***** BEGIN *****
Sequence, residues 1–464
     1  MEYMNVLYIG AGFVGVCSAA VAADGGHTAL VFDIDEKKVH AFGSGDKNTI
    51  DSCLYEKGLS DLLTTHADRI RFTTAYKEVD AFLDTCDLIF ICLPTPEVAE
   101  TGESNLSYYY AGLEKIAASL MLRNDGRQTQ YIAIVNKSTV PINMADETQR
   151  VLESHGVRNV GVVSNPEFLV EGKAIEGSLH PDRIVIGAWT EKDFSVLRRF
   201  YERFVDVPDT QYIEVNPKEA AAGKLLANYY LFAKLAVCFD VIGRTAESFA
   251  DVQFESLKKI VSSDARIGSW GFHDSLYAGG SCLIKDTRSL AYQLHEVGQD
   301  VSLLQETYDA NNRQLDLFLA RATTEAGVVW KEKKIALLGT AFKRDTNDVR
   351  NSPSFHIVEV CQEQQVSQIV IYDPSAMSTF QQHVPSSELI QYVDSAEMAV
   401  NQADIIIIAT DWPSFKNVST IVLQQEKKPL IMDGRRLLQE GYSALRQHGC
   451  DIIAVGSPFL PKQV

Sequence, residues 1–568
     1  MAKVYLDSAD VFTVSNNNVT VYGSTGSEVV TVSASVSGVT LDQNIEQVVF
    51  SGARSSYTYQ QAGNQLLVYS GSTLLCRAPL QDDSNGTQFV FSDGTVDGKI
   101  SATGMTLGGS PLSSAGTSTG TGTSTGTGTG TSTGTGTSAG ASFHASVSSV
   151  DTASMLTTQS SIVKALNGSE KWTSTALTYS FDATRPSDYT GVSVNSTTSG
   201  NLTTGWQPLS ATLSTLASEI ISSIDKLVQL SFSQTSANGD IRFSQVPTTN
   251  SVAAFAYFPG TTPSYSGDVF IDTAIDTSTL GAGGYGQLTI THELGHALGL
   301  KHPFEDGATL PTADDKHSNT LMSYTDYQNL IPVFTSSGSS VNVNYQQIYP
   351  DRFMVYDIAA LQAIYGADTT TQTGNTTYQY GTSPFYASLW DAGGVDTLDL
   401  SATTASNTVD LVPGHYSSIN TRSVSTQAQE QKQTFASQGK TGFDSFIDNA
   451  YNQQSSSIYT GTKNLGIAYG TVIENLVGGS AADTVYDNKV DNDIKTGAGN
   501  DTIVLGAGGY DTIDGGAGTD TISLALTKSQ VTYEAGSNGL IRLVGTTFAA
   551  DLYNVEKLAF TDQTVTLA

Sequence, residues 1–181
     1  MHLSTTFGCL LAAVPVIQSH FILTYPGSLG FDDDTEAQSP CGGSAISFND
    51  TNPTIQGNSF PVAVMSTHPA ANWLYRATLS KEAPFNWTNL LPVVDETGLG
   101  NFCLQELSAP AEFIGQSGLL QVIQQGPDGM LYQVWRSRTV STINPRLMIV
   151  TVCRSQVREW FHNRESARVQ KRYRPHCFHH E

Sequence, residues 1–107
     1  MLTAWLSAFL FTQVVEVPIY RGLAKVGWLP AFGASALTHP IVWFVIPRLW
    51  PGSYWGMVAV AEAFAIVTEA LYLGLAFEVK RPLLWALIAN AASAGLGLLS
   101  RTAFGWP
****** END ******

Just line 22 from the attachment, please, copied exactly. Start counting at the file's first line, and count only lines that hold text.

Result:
   451  YNQQSSSIYT GTKNLGIAYG TVIENLVGGS AADTVYDNKV DNDIKTGAGN